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Preparing for the CDT

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Preparing for the CDT hike could not have gone much worse. For the last several weeks I suffered the effects of bronchitis. I just couldn’t seem to shake it off. I was tired and weak. As a result I was unable to throw my backpack on to do any training hikes. My hiking legs will be severely tested in the first weeks of the hike. Not ideal but I’m confident that I’ll be ok.

I had a couple of logistical problems to deal with. Most, but not all of my gear was shipped to my friends in Canada. Up until about 6 weeks ago I had planned to start my hike of the Continental Divide trail from Canada. Heading southbound, SOBO. My gear arrived in USA and I was ready to go.

I flew to San Diego from Mexico City. The plane was late in departing. It was then unable to find a place to park at San Diego airport. And I was the last person off the plane. Unlike my previous visits I was questioned at length on my arrival to USA. Seems that some people fail to believe that other people choose a life of adventure instead of a life on consumerism and debt. It was a long day.

I was long in San Diego when I met a group of hikers in route to the PCT. We spent the evening consuming beers and chatting about all things thru hiking. Good luck to Maggie, Mark, Jon and Julie on your hike.

I took a bus from San Diego to meet some good friends in La Quinta, California. When I arrived it was like Christmas. There were several boxes of really cool hiking gear waiting for me. Doug and Marilyn looked after me really well.

Doug and I managed to find time to take two hikes in in the mountains nearby. One 7 mile hike on the foothills of Mt San Jacinto and another up a mountain in nearby Joshua Tree National Park. But I couldn’t stay any longer, New Mexico was calling me.

La Quinta
Doug and I hiking on the foothills of Mt San Jacinto. La Quinta in the background. And I’m wearing my PCT completion medal
Joshua Tree NP
Cactus Flowers at Joshua Tree National Park
Mt Ryan
Mt Ryan in Joshua Tree NP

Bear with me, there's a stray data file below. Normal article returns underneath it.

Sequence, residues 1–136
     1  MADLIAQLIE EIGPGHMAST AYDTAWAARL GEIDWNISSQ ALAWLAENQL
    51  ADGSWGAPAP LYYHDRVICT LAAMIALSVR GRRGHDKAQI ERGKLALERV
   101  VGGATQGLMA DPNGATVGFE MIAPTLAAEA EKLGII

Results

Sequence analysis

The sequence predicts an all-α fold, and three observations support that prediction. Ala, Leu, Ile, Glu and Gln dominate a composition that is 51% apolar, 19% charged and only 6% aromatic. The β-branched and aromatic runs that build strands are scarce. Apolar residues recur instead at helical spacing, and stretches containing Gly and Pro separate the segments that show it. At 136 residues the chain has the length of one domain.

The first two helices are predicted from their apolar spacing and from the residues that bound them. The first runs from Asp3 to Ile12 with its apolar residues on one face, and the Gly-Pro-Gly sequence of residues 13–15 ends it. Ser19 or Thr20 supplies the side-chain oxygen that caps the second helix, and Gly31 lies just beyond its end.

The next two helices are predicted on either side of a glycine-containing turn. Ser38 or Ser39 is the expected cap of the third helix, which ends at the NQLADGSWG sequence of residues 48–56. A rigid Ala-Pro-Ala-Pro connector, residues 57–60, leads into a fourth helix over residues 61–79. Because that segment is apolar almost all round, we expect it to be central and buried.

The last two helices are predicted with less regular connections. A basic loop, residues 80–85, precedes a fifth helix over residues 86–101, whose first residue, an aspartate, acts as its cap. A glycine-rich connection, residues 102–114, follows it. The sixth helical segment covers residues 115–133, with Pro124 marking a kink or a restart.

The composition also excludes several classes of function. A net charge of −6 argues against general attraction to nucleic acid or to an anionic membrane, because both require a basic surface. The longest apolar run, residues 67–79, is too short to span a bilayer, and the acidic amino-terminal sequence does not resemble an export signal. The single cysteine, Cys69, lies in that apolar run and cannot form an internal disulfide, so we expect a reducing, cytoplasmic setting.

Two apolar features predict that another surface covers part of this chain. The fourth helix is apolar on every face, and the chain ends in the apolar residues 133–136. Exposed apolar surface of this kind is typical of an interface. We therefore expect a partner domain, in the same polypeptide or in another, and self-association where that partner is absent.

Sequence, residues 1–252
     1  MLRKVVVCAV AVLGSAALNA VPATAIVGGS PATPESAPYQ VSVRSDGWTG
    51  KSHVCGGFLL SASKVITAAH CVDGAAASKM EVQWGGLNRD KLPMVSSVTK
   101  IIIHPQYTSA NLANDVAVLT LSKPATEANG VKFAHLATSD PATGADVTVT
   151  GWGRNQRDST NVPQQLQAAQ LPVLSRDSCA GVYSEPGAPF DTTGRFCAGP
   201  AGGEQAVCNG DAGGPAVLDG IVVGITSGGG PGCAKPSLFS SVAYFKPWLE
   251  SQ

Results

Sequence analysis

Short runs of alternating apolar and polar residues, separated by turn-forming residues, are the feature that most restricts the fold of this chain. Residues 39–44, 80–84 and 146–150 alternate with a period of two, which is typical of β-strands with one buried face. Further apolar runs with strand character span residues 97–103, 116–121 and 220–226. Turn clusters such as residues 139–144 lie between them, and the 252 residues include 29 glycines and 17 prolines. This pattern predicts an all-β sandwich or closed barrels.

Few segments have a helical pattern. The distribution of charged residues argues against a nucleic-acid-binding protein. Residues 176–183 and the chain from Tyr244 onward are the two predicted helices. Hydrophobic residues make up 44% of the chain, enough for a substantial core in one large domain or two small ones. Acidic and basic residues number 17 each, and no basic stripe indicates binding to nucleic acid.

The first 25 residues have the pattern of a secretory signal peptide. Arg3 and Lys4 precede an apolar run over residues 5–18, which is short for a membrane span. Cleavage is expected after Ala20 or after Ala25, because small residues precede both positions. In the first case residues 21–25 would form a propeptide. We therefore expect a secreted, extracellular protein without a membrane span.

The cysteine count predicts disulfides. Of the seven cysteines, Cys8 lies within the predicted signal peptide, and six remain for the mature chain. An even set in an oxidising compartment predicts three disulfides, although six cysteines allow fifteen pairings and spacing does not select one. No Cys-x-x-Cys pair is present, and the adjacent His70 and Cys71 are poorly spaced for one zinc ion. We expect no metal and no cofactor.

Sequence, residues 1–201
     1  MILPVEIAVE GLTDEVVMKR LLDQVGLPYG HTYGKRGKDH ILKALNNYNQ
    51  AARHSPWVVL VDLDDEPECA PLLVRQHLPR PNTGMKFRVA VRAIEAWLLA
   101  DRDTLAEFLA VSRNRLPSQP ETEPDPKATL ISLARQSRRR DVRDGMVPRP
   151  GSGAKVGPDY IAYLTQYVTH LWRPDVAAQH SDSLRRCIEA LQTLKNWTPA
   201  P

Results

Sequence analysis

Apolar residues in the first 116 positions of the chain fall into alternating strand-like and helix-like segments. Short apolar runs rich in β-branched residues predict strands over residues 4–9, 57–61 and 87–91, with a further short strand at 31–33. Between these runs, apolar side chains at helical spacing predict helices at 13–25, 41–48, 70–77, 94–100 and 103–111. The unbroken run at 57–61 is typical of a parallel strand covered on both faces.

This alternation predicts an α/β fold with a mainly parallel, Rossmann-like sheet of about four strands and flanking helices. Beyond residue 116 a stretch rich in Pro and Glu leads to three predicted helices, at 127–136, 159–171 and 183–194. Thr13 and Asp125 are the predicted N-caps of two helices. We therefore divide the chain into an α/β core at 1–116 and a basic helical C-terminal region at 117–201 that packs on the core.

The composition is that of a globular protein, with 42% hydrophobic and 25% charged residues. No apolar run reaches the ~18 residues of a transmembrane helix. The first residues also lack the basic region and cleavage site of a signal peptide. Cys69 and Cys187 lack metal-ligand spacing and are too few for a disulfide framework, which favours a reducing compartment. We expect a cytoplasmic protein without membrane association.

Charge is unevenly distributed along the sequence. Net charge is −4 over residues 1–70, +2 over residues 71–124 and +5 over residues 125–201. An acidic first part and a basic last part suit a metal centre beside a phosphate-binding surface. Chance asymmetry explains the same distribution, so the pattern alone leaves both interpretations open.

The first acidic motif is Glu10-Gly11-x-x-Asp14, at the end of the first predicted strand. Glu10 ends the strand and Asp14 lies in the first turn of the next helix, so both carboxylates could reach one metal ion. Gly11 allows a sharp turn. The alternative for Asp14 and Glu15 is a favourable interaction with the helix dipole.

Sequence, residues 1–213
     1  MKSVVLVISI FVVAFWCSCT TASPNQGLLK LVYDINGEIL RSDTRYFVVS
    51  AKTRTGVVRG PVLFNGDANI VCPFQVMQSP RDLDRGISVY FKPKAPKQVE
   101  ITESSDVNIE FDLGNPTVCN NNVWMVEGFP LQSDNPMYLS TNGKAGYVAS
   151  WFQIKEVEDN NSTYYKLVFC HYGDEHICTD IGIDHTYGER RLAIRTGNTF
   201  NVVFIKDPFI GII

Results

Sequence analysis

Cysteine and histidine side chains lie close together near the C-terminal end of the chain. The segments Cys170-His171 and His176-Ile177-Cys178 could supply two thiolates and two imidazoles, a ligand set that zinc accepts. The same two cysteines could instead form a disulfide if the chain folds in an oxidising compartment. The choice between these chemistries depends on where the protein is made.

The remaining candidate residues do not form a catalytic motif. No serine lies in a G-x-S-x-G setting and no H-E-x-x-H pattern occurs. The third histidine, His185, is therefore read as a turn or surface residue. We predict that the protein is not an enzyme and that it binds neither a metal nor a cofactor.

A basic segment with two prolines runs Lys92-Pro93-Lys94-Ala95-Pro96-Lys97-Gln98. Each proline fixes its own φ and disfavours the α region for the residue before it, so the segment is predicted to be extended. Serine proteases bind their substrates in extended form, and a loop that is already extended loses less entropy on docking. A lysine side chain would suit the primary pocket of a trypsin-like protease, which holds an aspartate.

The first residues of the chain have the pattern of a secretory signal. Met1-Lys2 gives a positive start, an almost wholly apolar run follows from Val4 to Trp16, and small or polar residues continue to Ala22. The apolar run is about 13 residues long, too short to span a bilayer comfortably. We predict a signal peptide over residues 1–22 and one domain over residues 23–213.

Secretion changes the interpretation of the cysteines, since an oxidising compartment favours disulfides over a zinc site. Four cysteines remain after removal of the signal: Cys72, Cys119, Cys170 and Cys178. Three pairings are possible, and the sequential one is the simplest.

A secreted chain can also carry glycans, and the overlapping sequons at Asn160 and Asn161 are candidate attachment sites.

It was just after midnight when the Amtrak Train pulled into the lonely station at Palm Springs. I don’t think the locals know there is a passenger train station there. Myself and one other person were the only people boarding the train. I quickly settled into a seat. I was able to spread out as the train was quite empty. I must have been very tired because I slept for a good 6 hours on the train. I woke to an almost full carriage. A lot of people must have boarded the train at other stations further along the line.

Amtrak
Preparing for the CDT
Amtrak
Blurry eyed

I reached the train station of Lordsburg, New Mexico. I had a message on my phone that my old hiking buddy, Stone, was there. We met up for only a short period of time as I had to make it to Silver City. I had a hotel booked and needed to start preparing some resupply boxes.

I waited for 3.5 hours on the side of the road trying to hitch hike. It seemed hard for me to get a lift. Finally a truck driver pulled over and gave me a 45 mile lift to Silver City. The town is hosting the Continental Divide Trail Days. I look forward to catching up with some old friends and meeting new friends.

Lordsburg
Stone, Justin, Radar and Shepherd at Lordsburg

Read next: CDT Trail Days

Everything you need to know about hiking the CDT:
Complete Guide to Hiking the Continental Divide Trail
CDT Resupply Guide
CDT Gear List

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About the Author:
Brad is an Australian who has completed the hiking Triple Crown after he hiked the Pacific Crest Trail, Continental Divide Trail and Appalachian Trail. He has hiked on every continent (except Antarctica) and has cycled from Alaska to Ecuador. He is an expert on outdoor gear currently living in Sydney, Australia.

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12 thoughts on “Preparing for the CDT”

  1. Sorry to hear you got shaken down by customs. Guess they’re mistaking hiker trash for terrorists now. Oh well,,welcome back to the USSA. Can’t give you much advice on the CDT, but if you liked Mt. Whitney, you will love the Colorado 14ers. Otherwise, watch out for rattlesnakes, rednecks, lightning storms and grizzlies. Best of luck to you.

    Reply
  2. And so it begins…….

    Good luck, mate. Be safe, enjoy the hike. The blog is gonna be great!

    Mike M., Riverside, Ca

    Reply
  3. Sorry you’ve been ill and hope you’re back to 100% soon! I am on the edge of my seat waiting for your CDT posts. Out of the handful of PCT blogs I read last year, yours was my favorite. Such beautiful photographs and so well-written. I haven’t found any so far yet this year that I really love, but I’m giving it time! I am so happy for all of you adventurers who are able to chase your dreams. Maybe my time will come someday.

    Reply
    • Thanks Heather. I’m back to 100%, but I’m not trail fit, so it will be a slow start. 2 more sleeps. I’m sure there are plenty of great pct blogs. I must admit to being very focused on the CDT so I haven’t looked at many. Except my friend Sally who is hiking the PCT this year.

      Reply
  4. I sense some beard envy in that last pic. Hope your strength has returned, consider the rest as necessary pre-start tapering. Too bad we just missed you in SD; Sally has a head start in your race North!

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  5. Greetings from California. Have fun, buddy! You, hands down have one of the best blogs around! Been following since your PCT hike. Looking forward to your updates on the CDT

    Reply

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